How Can We Inform More People on Child Poverty in Oregon? (by Scott Woods)

From: Scott A. Woods

To: Op-ed, The Oregonian

1320 SW Broadway, Portland, OR 97201

commentary@oregonian.com

With the holidays rapidly approaching, people’s thoughts are turning to that of family and friends.  For most people it is a time of thankfulness, giving and joy.  But for so many of the children of poverty living in the State of Oregon and the City of Portland it is a time of hopelessness and despair.  With the downturn in the economy and the lack of employment in the state many of these children and their families are victims of circumstances out of their control.

The sheer numbers of children that are at poverty level is staggering and amazing.  What is even more surprising is that these numbers are not in a third world country, they are here in the United States, the richest country in the world and here locally in the State of Oregon.  Even with the economy in a supposed ‘recovery’ the amount of children of poverty is still increasing and we as residence, neighbors, and sometimes family need to take immediate action to help those in need.

More often than not these children do not have the means to have something as simple but important as a school lunch.  Granted there are state funded programs that are in place to help those in need, they often go unutilized.  Some of the biggest challenges that our local schools are seeing is that people who are newly “poor” are often hesitant to ask for help.  For many it is the first time they have been in this situation and are often unsure of how to get help or are just uncomfortable asking for help.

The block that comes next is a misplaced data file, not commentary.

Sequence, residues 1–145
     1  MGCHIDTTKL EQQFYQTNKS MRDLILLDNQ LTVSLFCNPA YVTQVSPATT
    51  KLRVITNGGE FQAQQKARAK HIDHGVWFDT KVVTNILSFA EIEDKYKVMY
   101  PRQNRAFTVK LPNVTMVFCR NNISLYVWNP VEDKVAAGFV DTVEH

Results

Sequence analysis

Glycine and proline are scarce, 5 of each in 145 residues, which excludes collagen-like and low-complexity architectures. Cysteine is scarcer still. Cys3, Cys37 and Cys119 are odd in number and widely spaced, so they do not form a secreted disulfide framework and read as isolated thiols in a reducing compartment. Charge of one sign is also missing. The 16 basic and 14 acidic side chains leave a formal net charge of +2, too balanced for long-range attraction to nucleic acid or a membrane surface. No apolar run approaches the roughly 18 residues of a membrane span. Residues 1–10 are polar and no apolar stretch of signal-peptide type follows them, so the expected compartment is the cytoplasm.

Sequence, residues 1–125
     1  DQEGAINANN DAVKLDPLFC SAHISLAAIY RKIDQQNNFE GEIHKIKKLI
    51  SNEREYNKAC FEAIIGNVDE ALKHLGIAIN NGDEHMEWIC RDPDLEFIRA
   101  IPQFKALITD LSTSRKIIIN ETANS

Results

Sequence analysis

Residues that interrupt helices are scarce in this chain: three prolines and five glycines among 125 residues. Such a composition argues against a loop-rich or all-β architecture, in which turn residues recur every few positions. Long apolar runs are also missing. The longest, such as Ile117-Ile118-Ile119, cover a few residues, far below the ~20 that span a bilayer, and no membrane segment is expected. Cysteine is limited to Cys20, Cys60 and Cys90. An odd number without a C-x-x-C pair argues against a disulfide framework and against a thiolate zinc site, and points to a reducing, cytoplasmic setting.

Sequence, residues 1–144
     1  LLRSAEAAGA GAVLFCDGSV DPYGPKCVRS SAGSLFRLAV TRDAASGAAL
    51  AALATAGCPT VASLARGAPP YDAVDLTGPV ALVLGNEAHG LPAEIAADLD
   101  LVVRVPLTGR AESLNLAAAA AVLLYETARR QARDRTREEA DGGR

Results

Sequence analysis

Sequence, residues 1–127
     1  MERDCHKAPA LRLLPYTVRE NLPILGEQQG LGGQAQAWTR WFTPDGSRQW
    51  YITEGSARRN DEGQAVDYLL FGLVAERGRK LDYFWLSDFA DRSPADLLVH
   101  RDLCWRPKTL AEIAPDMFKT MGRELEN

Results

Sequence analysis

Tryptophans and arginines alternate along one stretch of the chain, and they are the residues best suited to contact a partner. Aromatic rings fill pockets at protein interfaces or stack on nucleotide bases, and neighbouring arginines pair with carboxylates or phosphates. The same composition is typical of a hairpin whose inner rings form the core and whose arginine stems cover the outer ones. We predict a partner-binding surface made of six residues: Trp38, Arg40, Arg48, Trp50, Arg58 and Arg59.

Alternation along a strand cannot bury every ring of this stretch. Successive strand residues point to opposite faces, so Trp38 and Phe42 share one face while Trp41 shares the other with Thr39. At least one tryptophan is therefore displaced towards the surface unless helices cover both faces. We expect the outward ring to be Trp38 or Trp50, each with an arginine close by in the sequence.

The majority of the children of poverty in the State of Oregon are with children under six.  This is known to be the age of “greatest brain development”.  The lack of proper nutrition, shelter, and education hamper these children’s ability to become capable adults.  Some schools locally have started providing breakfast and snacks to children in need above and beyond what the state funded programs offer.  But this is not enough.  More needs to be done to help these children and their families.

We need to take the time to educate ourselves on this increasing epidemic and see what we can do to help change it.  Whether the issue is politics, ethnicity, or geographic location there are things that can be done to help decrease the amount of children of poverty in our state.  We just have to figure out what our part is and take action.  It is a time for us, as individuals, to look outside of our box and our comfort zones and find a way to help.  No matter how small or large the gesture or action anything and everything we can do will help a child in need.

****

My Research Question is: What can be done to make people more aware and informed of child poverty in the State of Oregon?

Periodical Sources:

“Portland schools see more children slipping from middle-class to hungry” by Betsy Hammond, The Oregonian The Oregonian

Summary: This article discusses how the rates of childhood poverty are still increasing even with the economy being in a ‘recovery’ mode and what some of the local school districts and schools are individually doing to help children of families that are considered “at poverty level”.  Some of the biggest challenges that schools are seeing are that people who are newly “poor” are often hesitant to ask for help.  For many it is the first time they have been in this situation and are often unsure of how to get help or are just uncomfortable asking for help.  Certain local area schools have been taking steps to let people know it is okay to ask for help and have also started raising funds privately to cover cost of field trip fees and providing snacks for children who get hungry during the day but due to lack of resources have no food to eat.  The schools are trying to look at the situation of child poverty as a way to reinforce to the children that it is not about what you have or don’t have but about your character and doing the very best you can.